The Atakapa-Ishak people live just above water. There are no roads, no sidewalks, no mailboxes, just a stand of houses sprouting from spits of land in a sea of marsh grass. The only path in or out of Grand Bayou is by boat.
GRAND BAYOU, La. — The Atakapa-Ishak people live just above water. There are no roads, no sidewalks, no mailboxes, just a stand of houses sprouting from spits of land in a sea of marsh grass. The only path in or out of Grand Bayou is by boat.
Rosina Philippe, 54, will tell you that when her father was a child, the village of 50 families about an hour south of New Orleans in Plaquemines Parish was even more isolated, accessible by one narrow canal so densely canopied by live oaks that children could scramble across them to move from one house to another.
Grand Bayou abided that way for years — branches entwined, roots fingering deep into the fertile mud that nourished shrimp, crab, tadpoles, oysters, alligators, nutria rats and otter.
- With death on table, McEnroe jury's friendships crumbled
- Salary cap expert Joel Corry with another look at Russell Wilson's contract
- To retire at 55 takes big savings
- Microsoft employees -- past and present -- look back over the years
- No time to eat in Silicon Valley, so techies chug their protein
Most Read Stories
Families spoke English and Cajun French and earned a living fishing and trapping. They built schools out of cypress planks, sent a yellow school boat to gather the children and shopped in towns called Port Sulphur and Belle Chasse, lugging home 10-pound bags of coffee and 50-pound bags of rice.
All the while, Philippe watched the oil and gas companies march through, their dredges and barges hauling heavy equipment. They riddled the bayou with drainage canals that brought salty Gulf of Mexico currents inland, parching the oaks.
Abandoned well heads now lurk underwater, clawing boats at low tide. The road to the village boat landing is littered with what Philippe calls “the bones of trees”: silvery, gnarled trunks of oak, cypress and tupelo rising from the water like ancestral ghosts.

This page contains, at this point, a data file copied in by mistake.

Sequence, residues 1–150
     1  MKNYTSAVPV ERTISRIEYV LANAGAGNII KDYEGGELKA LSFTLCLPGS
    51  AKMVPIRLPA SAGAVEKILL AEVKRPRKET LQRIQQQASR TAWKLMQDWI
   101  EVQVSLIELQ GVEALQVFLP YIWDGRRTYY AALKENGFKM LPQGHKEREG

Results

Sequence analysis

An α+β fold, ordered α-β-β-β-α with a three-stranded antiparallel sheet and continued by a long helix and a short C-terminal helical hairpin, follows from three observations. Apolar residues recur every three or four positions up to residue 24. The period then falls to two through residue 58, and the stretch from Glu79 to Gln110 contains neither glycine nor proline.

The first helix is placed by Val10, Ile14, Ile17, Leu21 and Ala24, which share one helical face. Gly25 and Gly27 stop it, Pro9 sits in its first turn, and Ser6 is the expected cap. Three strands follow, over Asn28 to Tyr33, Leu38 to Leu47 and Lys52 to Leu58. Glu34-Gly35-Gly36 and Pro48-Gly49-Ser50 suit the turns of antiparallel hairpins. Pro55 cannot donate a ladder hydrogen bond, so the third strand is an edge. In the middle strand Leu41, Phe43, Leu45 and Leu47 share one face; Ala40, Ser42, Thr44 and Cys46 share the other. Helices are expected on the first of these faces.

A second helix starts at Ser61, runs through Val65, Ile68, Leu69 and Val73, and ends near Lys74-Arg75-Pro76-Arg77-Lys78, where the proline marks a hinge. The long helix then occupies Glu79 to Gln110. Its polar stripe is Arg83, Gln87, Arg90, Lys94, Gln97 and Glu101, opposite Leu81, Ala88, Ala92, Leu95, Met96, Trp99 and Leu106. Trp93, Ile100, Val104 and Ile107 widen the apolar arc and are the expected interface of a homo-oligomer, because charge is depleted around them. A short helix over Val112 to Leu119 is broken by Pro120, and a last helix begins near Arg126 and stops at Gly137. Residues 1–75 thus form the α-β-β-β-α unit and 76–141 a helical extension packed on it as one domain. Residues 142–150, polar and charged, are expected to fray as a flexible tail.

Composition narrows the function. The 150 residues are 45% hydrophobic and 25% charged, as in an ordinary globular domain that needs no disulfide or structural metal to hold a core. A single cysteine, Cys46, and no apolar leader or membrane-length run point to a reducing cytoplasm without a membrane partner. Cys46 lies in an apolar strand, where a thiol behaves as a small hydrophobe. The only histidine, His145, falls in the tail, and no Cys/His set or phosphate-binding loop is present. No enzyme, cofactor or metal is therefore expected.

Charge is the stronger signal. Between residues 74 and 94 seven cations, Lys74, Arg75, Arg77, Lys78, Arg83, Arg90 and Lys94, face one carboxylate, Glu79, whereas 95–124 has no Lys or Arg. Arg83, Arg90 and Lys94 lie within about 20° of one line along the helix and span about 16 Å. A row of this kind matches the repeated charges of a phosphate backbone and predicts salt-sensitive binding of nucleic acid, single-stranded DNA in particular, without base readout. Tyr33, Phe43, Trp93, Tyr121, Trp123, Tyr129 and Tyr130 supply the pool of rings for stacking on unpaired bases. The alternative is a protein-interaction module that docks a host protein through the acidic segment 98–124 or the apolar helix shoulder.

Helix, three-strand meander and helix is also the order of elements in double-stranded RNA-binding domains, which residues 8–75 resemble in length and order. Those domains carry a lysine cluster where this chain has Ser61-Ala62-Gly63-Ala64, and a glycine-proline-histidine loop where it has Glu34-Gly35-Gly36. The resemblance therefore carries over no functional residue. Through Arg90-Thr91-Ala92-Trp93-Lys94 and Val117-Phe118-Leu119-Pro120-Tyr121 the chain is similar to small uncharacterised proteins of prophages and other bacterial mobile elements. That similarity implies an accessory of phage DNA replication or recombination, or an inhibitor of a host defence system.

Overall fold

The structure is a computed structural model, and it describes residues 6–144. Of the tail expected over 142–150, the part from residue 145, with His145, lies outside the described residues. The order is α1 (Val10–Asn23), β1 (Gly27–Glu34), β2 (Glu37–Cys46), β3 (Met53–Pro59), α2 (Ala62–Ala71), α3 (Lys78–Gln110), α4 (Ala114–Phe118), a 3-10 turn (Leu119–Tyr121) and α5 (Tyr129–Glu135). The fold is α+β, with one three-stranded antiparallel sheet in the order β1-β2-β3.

Left exposed to the Gulf, this cluster of houses on 13-foot stilts was gutted by hurricanes Rita and Katrina. Most of the 125 residents moved away. Nine families rebuilt, including Philippe’s. Then came the BP oil spill. The village now is fighting to survive again.
Philippe and her neighbors watch reports of the oil’s spread on satellite television. She and her daughter pilot battered metal skiffs and fishing boats into nearby Bay Jimmy to “patrol” the oil, “thick as peanut butter.” She monitors the water outside her doorstep, ready to report the first sign of Louisiana crude in the willows, cattails and bay bushes that long have provided remedies for tribal healers called traiteurs.
The first time she saw the oil — “rolling into the bay, huge masses of it” — was in early June, normally the height of shrimp season.
Riding out of the village recently on her skiff, she frowned as she recalled the sight. She cut the sputtering outboard so that her rich alto voice could be heard.
It was Day 47 of the spill, she recalled — the new way of telling time on the Gulf. Her older brother, Maurice Philippe, a fisherman, had called to tell her the oil was at the mouth of Bay Jimmy. He waited, but did not see any BP oil skimmers for hours. He brought an oil-drenched pelican to the village but couldn’t save at least a dozen others.
“By the time they came,” she said, “it was already in the bay.”
Philippe since has walked the bay shore and seen white egrets smeared with oil, porpoises surfacing through it.
She yanked the motor to life again, and sped past idled shrimp boats that bore names of fishermen’s wives: Miss Sylvia, Miss Karen and The Screaming Woman (whose husband was served cold dinners for quite some time, Philippe said).
She traveled fast, carving a V-shaped wake in the muddy water. There was no sign of oil, but the industry’s legacy was apparent. Patchy salt grass stretched for miles along the flat marshes, one of the few plants capable of surviving widespread erosion that she blames on the canals.
The bayou always has been a refuge — for wildlife, for her people. Early settlers wrote it off as “no man’s land” on maps, figuring it was worthless. They left it to the Atakapa, who have lived there for more than 300 years.